"We're staying in Connecticut," said Bernstein, who has lived with Blockton for more than 30 years. "There's a lot of us in Connecticut," Blockton said of gays and lesbians. "If we can present ourselves as an example, maybe we can put pressure on [Connecticut] changing the laws."

In Northampton's City Hall, Christine Cintron-Pecoraro, 47, and her partner Ivonne Cintron-Pecoraro, 48, of New York City, said they came here to marry though they had no intention of moving to Massachusetts. But the clerks didn't know it.

"We are not planning to move here, and we did lie on the certificate," Christine Cintron-Pecoraro said. The couple plans to test New York's ban on same-sex marriage immediately.

"As soon as we get back today, we are going to challenge the law," she said. "I think our chances are very good in New York. It tends to be a very liberal state. And I know there are many other couples that plan on challenging with us."

Out-of-state couples arriving at municipal clerks' offices yesterday in search of marriage licenses met with mixed signals.

Somerville Mayor Joseph A. Curtatone said he believes the 1913 statute that Romney says restricts marriage to residents is unconstitutional.

"This is the easiest issue I've had to face as mayor," said Curtatone, who said he plans to attend the same-sex wedding of a couple who are his neighbors on Thursday. "We are not going to use a law, the motive for which was to stop interracial marriages. We're welcoming everybody."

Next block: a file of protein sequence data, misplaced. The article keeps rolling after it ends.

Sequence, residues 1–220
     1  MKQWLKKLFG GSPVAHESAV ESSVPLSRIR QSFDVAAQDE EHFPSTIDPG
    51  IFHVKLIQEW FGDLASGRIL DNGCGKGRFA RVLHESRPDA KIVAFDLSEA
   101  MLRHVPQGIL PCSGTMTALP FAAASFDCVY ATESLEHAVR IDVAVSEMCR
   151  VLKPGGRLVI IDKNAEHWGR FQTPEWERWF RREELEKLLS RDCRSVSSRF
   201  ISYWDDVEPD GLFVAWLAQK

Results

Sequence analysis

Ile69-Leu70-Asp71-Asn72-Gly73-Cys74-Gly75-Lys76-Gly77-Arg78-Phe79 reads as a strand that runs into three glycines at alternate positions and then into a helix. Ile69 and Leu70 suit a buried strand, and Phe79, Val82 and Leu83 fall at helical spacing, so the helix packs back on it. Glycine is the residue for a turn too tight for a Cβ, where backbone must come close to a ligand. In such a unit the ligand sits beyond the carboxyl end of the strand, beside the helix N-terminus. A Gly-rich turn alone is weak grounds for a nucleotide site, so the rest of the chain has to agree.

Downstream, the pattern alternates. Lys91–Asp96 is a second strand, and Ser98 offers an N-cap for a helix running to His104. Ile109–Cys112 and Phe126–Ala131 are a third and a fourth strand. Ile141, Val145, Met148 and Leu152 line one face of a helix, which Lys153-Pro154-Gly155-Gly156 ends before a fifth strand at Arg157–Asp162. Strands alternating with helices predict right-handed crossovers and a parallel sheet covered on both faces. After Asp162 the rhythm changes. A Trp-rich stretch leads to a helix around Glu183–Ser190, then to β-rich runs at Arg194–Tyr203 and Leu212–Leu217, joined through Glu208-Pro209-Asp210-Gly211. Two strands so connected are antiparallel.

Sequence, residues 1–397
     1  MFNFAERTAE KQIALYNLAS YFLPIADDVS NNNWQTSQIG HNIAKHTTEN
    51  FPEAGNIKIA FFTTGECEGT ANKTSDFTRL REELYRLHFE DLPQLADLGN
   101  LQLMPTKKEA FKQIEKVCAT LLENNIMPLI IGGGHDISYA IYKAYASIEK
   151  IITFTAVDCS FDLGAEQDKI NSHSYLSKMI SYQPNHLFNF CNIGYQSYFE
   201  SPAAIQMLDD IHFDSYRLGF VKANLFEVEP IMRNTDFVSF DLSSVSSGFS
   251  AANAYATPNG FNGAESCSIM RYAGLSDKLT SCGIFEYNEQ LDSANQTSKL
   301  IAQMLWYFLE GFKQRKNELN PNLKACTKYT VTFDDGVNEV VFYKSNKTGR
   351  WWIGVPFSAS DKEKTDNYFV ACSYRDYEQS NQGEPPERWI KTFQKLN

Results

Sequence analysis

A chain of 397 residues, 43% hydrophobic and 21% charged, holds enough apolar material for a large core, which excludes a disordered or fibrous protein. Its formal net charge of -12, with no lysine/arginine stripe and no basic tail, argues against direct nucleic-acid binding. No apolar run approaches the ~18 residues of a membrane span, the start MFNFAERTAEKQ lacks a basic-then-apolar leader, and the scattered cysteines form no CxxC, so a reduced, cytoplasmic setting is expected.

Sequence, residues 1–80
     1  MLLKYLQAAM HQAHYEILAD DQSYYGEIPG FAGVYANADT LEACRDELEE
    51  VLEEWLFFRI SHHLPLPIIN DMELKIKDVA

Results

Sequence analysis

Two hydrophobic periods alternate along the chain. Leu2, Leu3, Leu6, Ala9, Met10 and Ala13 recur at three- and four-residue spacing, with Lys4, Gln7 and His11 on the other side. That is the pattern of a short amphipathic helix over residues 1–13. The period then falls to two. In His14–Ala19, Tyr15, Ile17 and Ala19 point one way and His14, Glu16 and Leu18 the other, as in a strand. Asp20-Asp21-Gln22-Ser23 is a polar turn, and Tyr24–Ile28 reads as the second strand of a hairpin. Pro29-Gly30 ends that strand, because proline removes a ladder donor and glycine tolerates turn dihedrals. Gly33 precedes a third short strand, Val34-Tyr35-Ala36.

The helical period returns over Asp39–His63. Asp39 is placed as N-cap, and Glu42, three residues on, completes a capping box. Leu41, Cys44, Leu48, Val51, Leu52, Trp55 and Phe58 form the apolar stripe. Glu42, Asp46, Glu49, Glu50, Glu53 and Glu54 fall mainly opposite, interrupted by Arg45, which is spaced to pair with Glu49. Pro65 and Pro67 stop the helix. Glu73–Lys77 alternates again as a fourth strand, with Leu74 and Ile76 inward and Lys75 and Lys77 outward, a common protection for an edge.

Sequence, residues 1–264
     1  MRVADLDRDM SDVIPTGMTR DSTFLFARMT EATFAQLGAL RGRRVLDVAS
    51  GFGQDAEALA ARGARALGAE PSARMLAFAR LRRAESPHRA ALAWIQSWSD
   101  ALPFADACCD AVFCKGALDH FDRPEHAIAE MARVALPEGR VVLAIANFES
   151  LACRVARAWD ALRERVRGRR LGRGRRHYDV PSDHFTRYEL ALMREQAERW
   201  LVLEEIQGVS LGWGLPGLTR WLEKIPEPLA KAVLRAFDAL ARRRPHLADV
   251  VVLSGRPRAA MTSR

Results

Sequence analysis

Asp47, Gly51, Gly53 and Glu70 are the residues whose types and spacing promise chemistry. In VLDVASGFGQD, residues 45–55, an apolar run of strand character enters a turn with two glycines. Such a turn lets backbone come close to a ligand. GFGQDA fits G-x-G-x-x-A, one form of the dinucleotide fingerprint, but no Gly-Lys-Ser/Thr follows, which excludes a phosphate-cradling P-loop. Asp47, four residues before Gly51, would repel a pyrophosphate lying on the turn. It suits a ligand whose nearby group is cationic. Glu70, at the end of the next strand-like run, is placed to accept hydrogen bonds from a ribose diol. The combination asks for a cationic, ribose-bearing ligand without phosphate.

But even as Curtatone's city embraced out-of-staters, they received an "informational notice" that said, "Please be aware that if you are issued a certificate of marriage, it is possible that the Commonwealth of Massachusetts Registry of Vital Records and Statistics may refuse to accept and record the completed certificate."

"If you have concerns regarding this information," the notice concluded, "you should consult with an attorney."

Kate Montiero, president of the Rhode Island Alliance for Lesbian and Gay Civil Rights, said the Rhode Island attorney general's statement was significant because, if nothing else, it showed that Rhode Island laws will protect the new marriage rights of gay and lesbian Massachusetts residents now getting married.

"We're very pleased," Montiero said. "It certainly is our understanding of the law that Rhode Island has never picked and chosen among marriages from Massachusetts that it would recognize, and we are happy to hear that the attorney general does not believe Rhode Island will start doing that."

Contributing to this report were Globe staff reporters Jonathan Saltzman, Douglas Belkin, Michael Paulson, and Globe correspondent Brendan McCarthy.